Date of Award


Degree Name

Master of Science




Diane I. Doser


Agriculture in arid lands, such as in the Rio Grande Valley in west Texas, relies on flood irrigation. However, flood irrigation can cause salt buildup and greenhouse gas emissions associated with pedogenic carbonate precipitation. The ability of irrigation to promote crop growth is influenced by geochemical and hydrological processes controlled, in part, by soil grain size, larger-scale soil structure, and mineralogy. This study investigated soils from 3 regions 1) A pecan orchard in the river valley of Tornillo, TX, with soil derived from fluvial deposits, undergoing flood irrigation every 2 to 3 weeks in spring through fall, 2) The El Paso Water Utilities Well-field in Canutillo, TX, also in the river valley but not farmed in over 70 years and 3) A piedmont â?? slope site at the Jornada Experimental Range northeast of Las Cruces, NM with upland soil that has been grazed but never farmed. This study utilized shallow geophysical methods (e.g., ground conductivity, magnetics, and resistivity) for 1) measuring various soil properties (soil texture, salt buildup, water table depth, and water flow patterns), 2) determining how texture and structure influence soil changes (e.g., salt buildup, pedogenic carbonate buildup, moisture retention) during irrigation cycles at the pecan grove, and 3) comparing the variability of these properties to understand the impact of agricultural practices on soils and crop growth. Soil texture firmly controls the physical, hydrological, and chemical properties of soils. At the pecan orchard, previous geological, geochemical, and geophysical data indicated finer soils and salt buildup contribute to the pecan trees' unequal growth. However, we note a â??Goldilocks effectâ?? because, at the well-field, the fine soil holds the water necessary to support the vegetation at the site that is not already undergoing irrigation or agricultural practices. Finally, at the Jornada experimental range, specifically the Piedmont site, a relationship between the topography, depth to caliche, and vegetation is influenced by hydrological processes where caliche acts as a barrier to water movement.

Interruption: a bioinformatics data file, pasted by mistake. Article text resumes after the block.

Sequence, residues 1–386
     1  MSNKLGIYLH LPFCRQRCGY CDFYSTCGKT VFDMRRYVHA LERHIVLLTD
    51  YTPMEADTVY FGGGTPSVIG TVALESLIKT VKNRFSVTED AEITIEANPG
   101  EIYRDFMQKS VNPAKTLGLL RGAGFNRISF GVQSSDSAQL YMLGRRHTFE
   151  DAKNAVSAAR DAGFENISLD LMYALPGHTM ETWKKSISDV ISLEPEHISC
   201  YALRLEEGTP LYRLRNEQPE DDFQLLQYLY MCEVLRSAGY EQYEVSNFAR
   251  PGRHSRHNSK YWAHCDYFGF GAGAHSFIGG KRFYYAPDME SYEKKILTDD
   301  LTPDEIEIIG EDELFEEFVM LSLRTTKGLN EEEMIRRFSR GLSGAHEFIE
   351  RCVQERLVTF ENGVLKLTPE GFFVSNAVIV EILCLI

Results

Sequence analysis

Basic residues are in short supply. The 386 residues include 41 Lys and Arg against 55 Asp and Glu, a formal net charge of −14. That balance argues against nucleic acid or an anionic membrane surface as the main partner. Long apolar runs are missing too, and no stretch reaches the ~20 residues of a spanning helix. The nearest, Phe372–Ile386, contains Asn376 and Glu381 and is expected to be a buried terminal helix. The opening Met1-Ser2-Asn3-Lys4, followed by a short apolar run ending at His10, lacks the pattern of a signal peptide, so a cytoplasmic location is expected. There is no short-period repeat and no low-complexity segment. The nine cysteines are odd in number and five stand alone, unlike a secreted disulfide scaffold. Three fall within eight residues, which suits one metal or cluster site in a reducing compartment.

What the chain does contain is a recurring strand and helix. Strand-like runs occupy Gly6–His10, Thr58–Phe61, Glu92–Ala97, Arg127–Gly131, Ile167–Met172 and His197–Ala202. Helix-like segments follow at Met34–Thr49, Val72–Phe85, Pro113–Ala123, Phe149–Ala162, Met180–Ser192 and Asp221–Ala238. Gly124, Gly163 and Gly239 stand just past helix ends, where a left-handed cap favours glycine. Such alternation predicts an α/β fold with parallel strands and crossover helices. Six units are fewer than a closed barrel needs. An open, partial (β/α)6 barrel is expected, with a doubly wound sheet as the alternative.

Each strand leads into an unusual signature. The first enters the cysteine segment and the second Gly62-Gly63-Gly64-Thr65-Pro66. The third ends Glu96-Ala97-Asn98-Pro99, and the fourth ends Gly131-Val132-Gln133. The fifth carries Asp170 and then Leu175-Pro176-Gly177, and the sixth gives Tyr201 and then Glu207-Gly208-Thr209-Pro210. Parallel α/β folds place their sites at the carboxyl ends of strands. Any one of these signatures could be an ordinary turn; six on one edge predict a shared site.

Received from ProQuest

File Size

66 p.

File Format


Rights Holder

Aimee V Garcia